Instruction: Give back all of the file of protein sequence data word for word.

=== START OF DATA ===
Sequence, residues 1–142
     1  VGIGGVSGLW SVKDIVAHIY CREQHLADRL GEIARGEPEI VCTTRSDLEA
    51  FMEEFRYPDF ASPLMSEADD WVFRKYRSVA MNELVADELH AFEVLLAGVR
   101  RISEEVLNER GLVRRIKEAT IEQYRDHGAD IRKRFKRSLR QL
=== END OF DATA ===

Sequence, residues 1–142
     1  VGIGGVSGLW SVKDIVAHIY CREQHLADRL GEIARGEPEI VCTTRSDLEA
    51  FMEEFRYPDF ASPLMSEADD WVFRKYRSVA MNELVADELH AFEVLLAGVR
   101  RISEEVLNER GLVRRIKEAT IEQYRDHGAD IRKRFKRSLR QL